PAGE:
Want to save thousands of dollars? Lose weight, study says

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Want to save thousands of dollars? Lose weight, study says

Weight loss has its share of benefits — lower risk of heart disease or diabetes, better-fitting clothing and boosted energy, to name a few.

But, according to new research from the Johns Hopkins Bloomberg School of Public Health, if you’re either obese or overweight, shedding those pounds could save you upwards of $30,000 in your lifetime.

The findings, published Tuesday in the journal “Obesity,” claim 20-, 40- and 50-year-olds would save significant dollars in direct medical costs and productivity losses over their lifetime if they go from obese to overweight or from obese to a healthy weight.

Using previous knowledge that people with a high body mass index (BMI) are more prone to conditions such as diabetes, cardiovascular disease and cancer — all conditions with steep price tags — the researchers created a computational simulation of the U.S. adult population.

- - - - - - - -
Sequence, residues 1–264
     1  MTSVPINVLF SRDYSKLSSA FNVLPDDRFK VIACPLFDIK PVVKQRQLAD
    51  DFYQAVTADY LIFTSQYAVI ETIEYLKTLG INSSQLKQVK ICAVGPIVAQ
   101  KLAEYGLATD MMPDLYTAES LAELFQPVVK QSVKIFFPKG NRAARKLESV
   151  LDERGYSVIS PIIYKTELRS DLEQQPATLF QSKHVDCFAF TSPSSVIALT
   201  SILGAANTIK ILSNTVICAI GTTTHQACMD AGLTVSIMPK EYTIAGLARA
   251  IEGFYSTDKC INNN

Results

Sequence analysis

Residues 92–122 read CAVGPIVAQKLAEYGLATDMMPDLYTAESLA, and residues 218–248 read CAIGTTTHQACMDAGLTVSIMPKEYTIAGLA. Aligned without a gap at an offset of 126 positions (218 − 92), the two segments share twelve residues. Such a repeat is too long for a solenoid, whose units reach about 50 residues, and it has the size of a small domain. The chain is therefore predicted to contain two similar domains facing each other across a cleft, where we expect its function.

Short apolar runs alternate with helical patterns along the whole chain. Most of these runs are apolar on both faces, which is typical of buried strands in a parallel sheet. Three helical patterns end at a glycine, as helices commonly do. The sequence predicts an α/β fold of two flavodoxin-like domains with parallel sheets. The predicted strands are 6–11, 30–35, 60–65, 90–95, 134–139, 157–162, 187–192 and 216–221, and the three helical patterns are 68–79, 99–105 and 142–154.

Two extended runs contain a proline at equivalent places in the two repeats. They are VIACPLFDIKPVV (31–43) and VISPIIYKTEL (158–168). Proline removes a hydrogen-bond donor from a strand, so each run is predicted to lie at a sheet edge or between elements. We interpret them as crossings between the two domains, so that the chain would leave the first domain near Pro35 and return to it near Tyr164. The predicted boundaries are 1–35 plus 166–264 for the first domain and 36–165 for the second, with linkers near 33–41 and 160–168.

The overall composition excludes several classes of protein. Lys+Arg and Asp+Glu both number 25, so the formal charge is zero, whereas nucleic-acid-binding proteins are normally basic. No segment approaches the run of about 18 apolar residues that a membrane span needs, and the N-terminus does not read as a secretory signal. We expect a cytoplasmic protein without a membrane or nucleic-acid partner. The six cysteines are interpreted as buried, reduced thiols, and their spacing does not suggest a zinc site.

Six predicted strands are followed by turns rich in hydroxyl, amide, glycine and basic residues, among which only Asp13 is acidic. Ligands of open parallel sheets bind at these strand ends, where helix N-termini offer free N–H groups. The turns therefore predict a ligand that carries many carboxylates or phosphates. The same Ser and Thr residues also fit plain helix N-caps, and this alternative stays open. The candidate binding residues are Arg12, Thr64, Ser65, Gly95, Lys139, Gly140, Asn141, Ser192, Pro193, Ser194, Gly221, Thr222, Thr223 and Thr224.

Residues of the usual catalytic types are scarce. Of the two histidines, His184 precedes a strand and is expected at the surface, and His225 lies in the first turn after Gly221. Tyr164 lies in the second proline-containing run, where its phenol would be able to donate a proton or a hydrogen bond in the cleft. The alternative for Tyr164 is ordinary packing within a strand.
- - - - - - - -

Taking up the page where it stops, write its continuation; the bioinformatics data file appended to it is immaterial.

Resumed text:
The simulation examined adults at various ages, weights and health statuses and then calculated estimated direct medical costs, productivity losses (including sick time).

Here’s how much money you could save by losing weight

Age: 20

Obese to overweight: $17,655

Obese to healthy weight: $28,020

Age: 40

Obese to overweight: $18,262

Obese to healthy weight: $31,447

Age: 50 (cost savings peak)

Average total savings: $36,278

Though researchers found that cost savings peaked at age 50 and decreased with older ages, they noted that older adults who lose weight can still save money.

In the U.S., more than 70 percent of adults are considered to be overweight or obese. That costs the country nearly $210 billion each year, study authors wrote.

“Over half the costs of being overweight can be from productivity losses, mainly due to missed work days. This means that just focusing on medical costs misses a big part of the picture, though they're a consideration, too,” Bruce Y. Lee, executive director of the Global Obesity Prevention Center at the Bloomberg School, said. “Productivity losses affect businesses, which in turn affects the economy, which then affects everyone.”

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